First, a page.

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Sri Lanka's draft Counter Terrorism Act

DATE: 19 Apr 2017

Together with former UN Special Rapporteur on extra judicial executions, Prof Christof Heyns, Toby Fisher has produced a provisional opinion on the compliance of Sri Lanka's emerging Counter Terrorism Act ('CTA') with international human rights norms. The opinion can be accessed here

During the long civil war in Sri Lanka, a range of legislative measures were used to deal with the threat of terrorism. The key instruments were: i) the Public Security Ordinance No. 25 of 1947 (‘PSO’); ii) Emergency Regulations promulgated under the PSO; and iii) the Prevention of Terrorism (Temporary Provisions) Act No. 48 of 1979 (‘PTA’). Over time, these instruments were perceived to have been operated in a discriminatory manner and were seen to facilitate human rights abuses, including arbitrary arrest and torture of detainees, by the Sri Lankan police and security services. In 2011, the almost continuous state of emergency that had been in existence in Sri Lanka since 1971 expired, bringing to an end the State’s ability to exercise powers under the PSO and the Emergency Regulations, leaving the PTA as the operative legislative instrument.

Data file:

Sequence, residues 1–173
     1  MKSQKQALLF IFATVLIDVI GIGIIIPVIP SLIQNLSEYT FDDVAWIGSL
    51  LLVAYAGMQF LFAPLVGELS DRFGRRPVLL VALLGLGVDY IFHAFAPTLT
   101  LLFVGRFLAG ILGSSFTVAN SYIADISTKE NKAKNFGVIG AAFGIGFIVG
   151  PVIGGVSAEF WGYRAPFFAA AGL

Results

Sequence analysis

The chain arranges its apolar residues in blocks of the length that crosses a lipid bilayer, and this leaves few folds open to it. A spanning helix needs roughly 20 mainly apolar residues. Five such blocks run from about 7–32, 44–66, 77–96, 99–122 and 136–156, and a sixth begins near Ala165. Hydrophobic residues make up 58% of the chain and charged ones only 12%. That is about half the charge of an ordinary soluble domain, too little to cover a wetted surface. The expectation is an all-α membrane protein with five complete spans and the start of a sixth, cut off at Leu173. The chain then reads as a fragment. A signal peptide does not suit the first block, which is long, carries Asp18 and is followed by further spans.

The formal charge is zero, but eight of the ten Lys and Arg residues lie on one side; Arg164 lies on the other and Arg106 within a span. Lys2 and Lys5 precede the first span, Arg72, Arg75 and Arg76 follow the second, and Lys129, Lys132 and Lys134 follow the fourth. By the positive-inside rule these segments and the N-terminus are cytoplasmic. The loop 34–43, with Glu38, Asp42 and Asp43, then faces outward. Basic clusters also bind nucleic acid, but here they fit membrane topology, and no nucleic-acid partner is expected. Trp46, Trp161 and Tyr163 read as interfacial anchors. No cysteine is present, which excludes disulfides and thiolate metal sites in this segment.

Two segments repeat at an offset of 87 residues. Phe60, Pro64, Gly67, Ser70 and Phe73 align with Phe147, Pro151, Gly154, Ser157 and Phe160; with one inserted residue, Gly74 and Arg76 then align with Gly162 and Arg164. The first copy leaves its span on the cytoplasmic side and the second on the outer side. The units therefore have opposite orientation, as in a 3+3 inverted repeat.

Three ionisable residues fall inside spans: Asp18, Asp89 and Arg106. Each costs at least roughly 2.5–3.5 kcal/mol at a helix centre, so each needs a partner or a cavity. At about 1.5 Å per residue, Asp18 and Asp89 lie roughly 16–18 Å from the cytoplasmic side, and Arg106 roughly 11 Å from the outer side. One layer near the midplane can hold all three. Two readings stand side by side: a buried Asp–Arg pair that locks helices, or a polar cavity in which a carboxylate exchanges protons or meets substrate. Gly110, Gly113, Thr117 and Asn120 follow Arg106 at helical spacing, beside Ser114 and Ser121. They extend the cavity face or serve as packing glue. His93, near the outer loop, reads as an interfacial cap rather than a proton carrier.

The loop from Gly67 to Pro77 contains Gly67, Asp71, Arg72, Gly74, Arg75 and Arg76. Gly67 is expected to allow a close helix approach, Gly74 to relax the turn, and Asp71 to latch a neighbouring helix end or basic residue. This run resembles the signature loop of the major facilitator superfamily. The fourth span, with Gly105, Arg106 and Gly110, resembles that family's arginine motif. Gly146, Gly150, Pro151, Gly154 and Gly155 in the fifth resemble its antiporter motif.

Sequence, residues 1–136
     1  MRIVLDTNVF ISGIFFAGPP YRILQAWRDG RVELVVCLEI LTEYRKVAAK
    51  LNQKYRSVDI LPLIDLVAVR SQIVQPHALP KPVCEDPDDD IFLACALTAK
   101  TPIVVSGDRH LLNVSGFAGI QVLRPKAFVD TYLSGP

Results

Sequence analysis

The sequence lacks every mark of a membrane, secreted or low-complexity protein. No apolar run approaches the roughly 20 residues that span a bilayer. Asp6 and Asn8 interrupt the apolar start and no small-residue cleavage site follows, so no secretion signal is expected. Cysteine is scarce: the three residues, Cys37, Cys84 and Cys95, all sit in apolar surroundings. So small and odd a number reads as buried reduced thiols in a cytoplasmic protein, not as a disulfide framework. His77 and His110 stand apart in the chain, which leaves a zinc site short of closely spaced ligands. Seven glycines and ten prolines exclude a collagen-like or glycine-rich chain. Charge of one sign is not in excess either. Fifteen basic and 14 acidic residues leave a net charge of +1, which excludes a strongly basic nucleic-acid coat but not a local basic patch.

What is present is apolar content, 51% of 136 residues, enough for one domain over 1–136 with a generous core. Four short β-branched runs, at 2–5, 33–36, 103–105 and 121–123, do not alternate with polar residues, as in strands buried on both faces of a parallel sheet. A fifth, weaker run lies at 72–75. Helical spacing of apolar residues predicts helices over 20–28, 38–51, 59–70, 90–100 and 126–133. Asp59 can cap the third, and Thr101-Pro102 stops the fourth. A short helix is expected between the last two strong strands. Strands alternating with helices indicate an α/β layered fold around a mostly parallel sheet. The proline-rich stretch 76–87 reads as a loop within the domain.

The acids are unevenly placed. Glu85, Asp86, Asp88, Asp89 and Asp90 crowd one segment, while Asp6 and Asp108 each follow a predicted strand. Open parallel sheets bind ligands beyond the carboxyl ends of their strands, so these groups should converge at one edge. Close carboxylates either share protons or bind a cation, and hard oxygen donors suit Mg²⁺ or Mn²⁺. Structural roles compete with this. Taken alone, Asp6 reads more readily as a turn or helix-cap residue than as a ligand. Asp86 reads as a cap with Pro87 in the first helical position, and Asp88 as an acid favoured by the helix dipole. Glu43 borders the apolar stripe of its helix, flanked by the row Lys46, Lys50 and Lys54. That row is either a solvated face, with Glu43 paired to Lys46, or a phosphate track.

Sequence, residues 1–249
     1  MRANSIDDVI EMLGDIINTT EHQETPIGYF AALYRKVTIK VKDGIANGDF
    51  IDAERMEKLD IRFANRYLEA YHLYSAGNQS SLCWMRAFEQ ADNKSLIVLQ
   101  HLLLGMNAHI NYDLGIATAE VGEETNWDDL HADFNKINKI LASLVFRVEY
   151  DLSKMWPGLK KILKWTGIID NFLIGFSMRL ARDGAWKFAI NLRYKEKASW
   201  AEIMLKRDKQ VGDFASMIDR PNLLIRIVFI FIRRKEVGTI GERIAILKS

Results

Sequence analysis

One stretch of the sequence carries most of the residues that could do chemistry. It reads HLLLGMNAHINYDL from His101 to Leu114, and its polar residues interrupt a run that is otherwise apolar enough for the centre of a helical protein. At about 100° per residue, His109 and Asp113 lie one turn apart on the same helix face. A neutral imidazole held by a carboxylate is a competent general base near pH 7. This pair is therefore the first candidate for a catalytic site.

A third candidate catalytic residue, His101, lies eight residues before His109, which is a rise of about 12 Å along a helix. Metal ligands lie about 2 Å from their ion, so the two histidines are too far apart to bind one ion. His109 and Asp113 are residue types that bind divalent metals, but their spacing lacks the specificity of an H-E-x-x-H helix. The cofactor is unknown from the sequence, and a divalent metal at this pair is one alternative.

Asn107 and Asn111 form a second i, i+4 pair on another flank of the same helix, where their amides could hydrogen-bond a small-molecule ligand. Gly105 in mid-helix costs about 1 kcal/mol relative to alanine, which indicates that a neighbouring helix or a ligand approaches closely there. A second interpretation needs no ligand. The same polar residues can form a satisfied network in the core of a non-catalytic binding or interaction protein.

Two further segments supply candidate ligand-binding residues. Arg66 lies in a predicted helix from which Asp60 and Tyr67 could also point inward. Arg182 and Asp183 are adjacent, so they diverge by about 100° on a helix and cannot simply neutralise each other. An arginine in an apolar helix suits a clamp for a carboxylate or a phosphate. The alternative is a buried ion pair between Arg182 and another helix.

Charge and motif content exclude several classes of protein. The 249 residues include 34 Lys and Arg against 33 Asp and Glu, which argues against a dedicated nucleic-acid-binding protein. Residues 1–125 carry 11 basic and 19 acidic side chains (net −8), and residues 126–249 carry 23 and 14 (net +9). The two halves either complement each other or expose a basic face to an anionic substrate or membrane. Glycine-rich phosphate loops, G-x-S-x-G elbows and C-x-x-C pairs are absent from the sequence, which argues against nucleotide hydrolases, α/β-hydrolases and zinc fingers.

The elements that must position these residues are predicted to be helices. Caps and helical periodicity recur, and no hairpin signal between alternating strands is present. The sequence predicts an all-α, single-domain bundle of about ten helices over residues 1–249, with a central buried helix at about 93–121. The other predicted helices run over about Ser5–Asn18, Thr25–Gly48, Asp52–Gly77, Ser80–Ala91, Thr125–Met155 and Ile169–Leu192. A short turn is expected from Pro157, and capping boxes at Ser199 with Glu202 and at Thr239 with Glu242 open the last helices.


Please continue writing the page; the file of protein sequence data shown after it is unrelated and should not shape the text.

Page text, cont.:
Since then, a range of international organisations, including the UN Human Rights Committee,  the UN Human Rights Council  and the European Union, have encouraged the repeal of the PTA. In 2015, the newly elected Government of Sri Lanka, led by President Maithripala Sirisena, committed to repeal the PTA and to replace it with an enactment that could empower the executive to protect the country from terrorism while paying due respect to human rights.  

An early draft of the emerging CTA was subject to widespread criticism when it was leaked in October 2016. A revised draft was published on 6 April 2017. 

The Foundation for Human Rights and the Institute for International and Comparative Law in Africa jointly instructed the opinion.